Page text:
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OgeXam
08-12-2008, 07:14 AM
Does anybody know if you take up donations at a yard haunt if it is common that there will be some city ordenance I would have to check into?

Has anybody run into anything like that in the past?

Dr. Giggles
08-12-2008, 12:00 PM
In my experience i have never run into that, as long as its just like a donations box at the end of the haunt.

OgeXam
08-12-2008, 01:02 PM
I just spoke with the city, and they want me to have a business license, but I can get one free since it is for a non-profit...

argh

shawnc
08-12-2008, 05:29 PM
What charity are you using? They probably already have a license you could use.

OgeXam
08-14-2008, 08:39 AM
I am doing it for Make A Wish

N2SPOOKINU
08-14-2008, 09:58 AM
When I did one at my home in St. Louis The city told me i could not charge. I said donations were gravely appreciated and had a donation box setting at the entrance to the haunt. Your homeowners insurance is another area that can be very sticky for you. If you charge and someone gets hurt and they try and sue you your insurance may not cover it because you were running your home as a business. That is what I see may be a problem with getting a business license. It puts you up to the next level and with that you may have to pull permits for electrical and building. I never had a problem with the city I lived in but 1 time. They tried to tell me I needed to pull a permit for electrical or they would shut me down. I switched evertyhing over to 12 volt using rv bulbs and they couldnt say a thing. Just a word of warning, protect yourself from happy sue people because the good you try to do. someone always tries to take advantage of it and you.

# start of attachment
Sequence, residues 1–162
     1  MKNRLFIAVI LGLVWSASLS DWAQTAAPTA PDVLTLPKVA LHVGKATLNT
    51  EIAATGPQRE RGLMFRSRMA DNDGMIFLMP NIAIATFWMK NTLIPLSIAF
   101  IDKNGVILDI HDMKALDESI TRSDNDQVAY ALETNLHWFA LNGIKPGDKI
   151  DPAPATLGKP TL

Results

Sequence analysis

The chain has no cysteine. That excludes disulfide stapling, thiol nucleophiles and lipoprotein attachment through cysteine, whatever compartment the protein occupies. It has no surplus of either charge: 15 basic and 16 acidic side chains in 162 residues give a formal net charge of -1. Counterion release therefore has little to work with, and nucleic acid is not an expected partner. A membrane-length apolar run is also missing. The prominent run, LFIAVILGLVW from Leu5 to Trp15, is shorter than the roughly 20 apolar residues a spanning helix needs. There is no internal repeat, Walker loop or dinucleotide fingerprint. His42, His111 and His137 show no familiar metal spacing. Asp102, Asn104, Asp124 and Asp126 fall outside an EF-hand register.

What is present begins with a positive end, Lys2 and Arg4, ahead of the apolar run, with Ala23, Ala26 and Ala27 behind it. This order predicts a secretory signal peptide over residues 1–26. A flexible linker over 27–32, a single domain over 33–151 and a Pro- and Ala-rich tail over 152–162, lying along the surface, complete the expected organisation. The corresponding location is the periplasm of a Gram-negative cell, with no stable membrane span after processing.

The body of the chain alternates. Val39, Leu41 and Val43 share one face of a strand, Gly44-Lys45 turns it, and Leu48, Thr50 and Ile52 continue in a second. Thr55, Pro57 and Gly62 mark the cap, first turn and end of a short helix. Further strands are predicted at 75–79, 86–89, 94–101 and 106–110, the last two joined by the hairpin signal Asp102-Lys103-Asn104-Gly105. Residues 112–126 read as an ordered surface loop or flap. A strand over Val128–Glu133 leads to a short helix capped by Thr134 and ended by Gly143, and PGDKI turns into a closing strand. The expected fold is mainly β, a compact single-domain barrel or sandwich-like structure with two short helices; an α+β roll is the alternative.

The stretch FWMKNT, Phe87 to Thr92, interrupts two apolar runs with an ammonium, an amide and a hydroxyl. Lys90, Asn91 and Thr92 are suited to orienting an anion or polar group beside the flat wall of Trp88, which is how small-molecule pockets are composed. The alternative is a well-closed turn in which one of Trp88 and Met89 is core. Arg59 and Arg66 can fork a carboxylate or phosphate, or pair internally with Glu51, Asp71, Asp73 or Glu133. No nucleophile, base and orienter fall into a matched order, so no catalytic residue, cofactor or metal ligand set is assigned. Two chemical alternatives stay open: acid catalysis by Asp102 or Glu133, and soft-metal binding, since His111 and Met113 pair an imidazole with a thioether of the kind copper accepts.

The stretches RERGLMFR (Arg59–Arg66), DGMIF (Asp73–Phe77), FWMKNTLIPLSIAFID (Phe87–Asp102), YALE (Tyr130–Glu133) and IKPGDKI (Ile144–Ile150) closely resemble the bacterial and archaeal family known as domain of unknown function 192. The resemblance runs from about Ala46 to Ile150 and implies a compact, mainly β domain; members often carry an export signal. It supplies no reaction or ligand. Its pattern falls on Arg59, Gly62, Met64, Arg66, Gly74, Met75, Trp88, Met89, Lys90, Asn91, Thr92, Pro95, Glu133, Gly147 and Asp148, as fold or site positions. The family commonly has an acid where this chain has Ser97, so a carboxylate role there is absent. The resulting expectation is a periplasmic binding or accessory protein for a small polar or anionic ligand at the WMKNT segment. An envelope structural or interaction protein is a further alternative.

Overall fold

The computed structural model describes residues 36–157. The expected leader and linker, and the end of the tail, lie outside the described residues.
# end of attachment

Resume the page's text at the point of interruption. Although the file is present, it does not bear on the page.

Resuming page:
OgeXam
08-15-2008, 06:59 AM
Thanks for the advice... yeah we are not charging, just accepting donations. So hopefully when I got to the city they will say, "no the person on the phone told you wrong you do nto need a license"

I plan on getting insurance just for that night to cover me, just in case some sue idiot says I scared them too bad. hahahahaha

mbudenske
03-21-2009, 06:59 AM
If you are helping a charity they may have insurance for special events that would cover you. We purchase insurance every year. In 1993 it was $550. for $1,000,000 in coverage. Last year we paid $2,050 for $2,000,000 in coverage with a $1,000 deductable. That doesn't cover any injury to our workers or volunteers.

The two or three paid staff that help build and help tear down are full employees and we register them with worker's compensation and pay insurance on them for that time period. No one has been hurt yet bout our worker comp runs us around $150. for Aug, Sept, Oct